The first normalizing of values ensures that variations in sensitivity are compensated for automatically. After first normalizing the first normalized values for each detection channel is divided by the first normalized reference channel value. This is the second normalizing step. The second normalized values for the detection channels are used by the analysis routine for further processing.
The filters 23, 25, 27 and 29 and detectors 15, 17, 19 and 21 define four channels substantially centered at 3.25 micron, 3.35 micron, 3.4 micron and 3.0 micron. The 3.0 micron channel is outside of the absorption band of most hydrocarbons and is used primarily as a reference channel. The remaining channels comprise detection channels. In the present embodiment the gases of interest exhibit a signature represented by the absorption values at the tested wavelength of the 3.25 micron, 3.35 micron and 3.4 micron channels. For example, ethane exhibits attenuation only in the 3.35 micron and 3.4 micron bands with a ratio of about 3 to 2; propane exhibits absorption in the 3.35 micron and 3.4 micron bands but the ratio is about 1 to 3; cyclohexane exhibits absorption exclusively in the 3.4 micron channel; butane exhibits absorption in only the 3.35 and 3.4 micron bands at a ratio of about 1 to 8; bivinyl exhibits absorption at all three test channels at a ratio of 8 to 6 to 1, and methane exhibits substantially equal attenuation in all three channels. During the design and fabrication stage of the present embodiment, tests are performed on each gas of interest using the disclosed apparatus and signature tables are prepared to represent attenuation by each gas at a plurality of different concentrations. FIG. 4 represents one such signature table. It should be mentioned that the gas signature tables may include signature values for more concentration levels than shown in FIG. 4. It should also be mentioned that the concentration levels shown in FIG. 4 represent a percentage of the lower explosive limit (LEL) level for the gas represented by the table. The very use of percent LEL level implicitly performs the conversion from percent concentration by volume to percent LEL.
When the analysis routine of the present embodiment is performed, the second normalized values from the 3.25, 3.35 and 3.4 micron channels (called channels 1, 2 and 3 herein) are read from memory 49 and compared with the values stored in the signature tables. The analysis involves assuming a gas of interest and comparing the current detected values with the signature values for the assumed gas. When the detected values substantially match a row of signature values associated with the same concentration both the gas and concentration are known and appropriate display data is sent to display 45. A match may require that the signature values in the table need to be interpolated. When the current detected values do not substantially match any row of signature values, even with interpolation, for the assumed gas, another gas is assumed and the comparison is again performed until a match is found. Advantageously, the number of signature tables to be compared for any given detected gas may be reduced by grouping gases having a signature with common traits. For example, each gas of interest may be assigned to a subgroup of gases according to the sequence of attenuation in the three detection channels, i.e., 3.25, 3.35 and 3.40 micron. If the three detection channels are respectively numbered 1, 2 and 3, there are six possible subgroups arranged by attenuation. These groups would be 1-2-3, 1-3-2, 2-1-3, etc. Bivinyl would be in the 1-2-3 subgroup; ethane would be in the 2-3-1 subgroup; propane in the 3-1-2 subgroup and so forth. Methane, which absorbs substantially equally in all channels would be in all of the subgroups. When subgroups are used by the analysis routine, the rank order of attenuation in the detection channels is identified from the current values and the rank order defines the subgroup of gas signature tables for complete analysis. That is, if the selected subgroup, e.g., 1-2-3, includes only three gases, then the analysis routine needs only to compare the current values with the signature tables of the three gases in the 1-2-3 subgroup. In the present description a match of within ±5% LEL is considered a substantial match.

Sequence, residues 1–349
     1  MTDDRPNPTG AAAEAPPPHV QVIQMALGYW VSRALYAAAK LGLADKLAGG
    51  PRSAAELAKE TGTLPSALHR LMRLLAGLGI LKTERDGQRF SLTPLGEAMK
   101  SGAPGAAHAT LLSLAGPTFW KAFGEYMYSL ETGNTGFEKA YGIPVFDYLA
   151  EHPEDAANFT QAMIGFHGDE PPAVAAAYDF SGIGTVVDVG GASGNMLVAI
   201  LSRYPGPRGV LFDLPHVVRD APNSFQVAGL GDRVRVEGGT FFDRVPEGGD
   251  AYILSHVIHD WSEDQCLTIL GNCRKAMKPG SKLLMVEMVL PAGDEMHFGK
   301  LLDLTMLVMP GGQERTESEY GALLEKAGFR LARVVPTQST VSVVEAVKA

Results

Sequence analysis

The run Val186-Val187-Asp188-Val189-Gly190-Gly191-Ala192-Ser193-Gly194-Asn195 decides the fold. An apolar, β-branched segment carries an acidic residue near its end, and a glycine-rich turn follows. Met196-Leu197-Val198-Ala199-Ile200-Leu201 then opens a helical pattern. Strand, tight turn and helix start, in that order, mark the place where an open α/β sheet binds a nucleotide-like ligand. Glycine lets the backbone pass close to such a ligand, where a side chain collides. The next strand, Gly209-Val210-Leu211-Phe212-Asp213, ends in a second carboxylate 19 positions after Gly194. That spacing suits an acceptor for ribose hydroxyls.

In some situations the detection apparatus may not be able to exactly identify a gas present in the atmosphere. Such could happen when the gas signature table for an unknown gas which is present is not in the apparatus. Similarly, some combinations of gases may mask the actual matches for the individual gases. Even though an exact match may not be possible, it is advantageous to advise the user that a gas is present and that it may be present in an amount at or near its LEL level. The present analysis routine optionally includes the ability to provide such information to the user.